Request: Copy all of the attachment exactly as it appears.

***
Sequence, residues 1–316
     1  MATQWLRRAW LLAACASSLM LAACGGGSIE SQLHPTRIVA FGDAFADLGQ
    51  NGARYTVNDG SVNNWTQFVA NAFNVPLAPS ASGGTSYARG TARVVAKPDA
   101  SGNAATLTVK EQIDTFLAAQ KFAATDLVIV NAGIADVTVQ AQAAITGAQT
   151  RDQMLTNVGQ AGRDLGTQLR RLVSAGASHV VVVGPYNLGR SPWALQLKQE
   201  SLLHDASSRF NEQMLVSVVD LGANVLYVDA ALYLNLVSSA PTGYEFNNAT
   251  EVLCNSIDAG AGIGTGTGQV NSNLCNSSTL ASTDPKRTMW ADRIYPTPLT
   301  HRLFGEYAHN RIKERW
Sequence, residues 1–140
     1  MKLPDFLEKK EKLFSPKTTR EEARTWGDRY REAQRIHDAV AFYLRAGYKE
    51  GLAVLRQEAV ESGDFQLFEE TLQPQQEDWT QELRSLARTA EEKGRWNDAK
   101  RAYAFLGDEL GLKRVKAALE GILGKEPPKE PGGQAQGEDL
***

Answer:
Sequence, residues 1–316
     1  MATQWLRRAW LLAACASSLM LAACGGGSIE SQLHPTRIVA FGDAFADLGQ
    51  NGARYTVNDG SVNNWTQFVA NAFNVPLAPS ASGGTSYARG TARVVAKPDA
   101  SGNAATLTVK EQIDTFLAAQ KFAATDLVIV NAGIADVTVQ AQAAITGAQT
   151  RDQMLTNVGQ AGRDLGTQLR RLVSAGASHV VVVGPYNLGR SPWALQLKQE
   201  SLLHDASSRF NEQMLVSVVD LGANVLYVDA ALYLNLVSSA PTGYEFNNAT
   251  EVLCNSIDAG AGIGTGTGQV NSNLCNSSTL ASTDPKRTMW ADRIYPTPLT
   301  HRLFGEYAHN RIKERW
Sequence, residues 1–140
     1  MKLPDFLEKK EKLFSPKTTR EEARTWGDRY REAQRIHDAV AFYLRAGYKE
    51  GLAVLRQEAV ESGDFQLFEE TLQPQQEDWT QELRSLARTA EEKGRWNDAK
   101  RAYAFLGDEL GLKRVKAALE GILGKEPPKE PGGQAQGEDL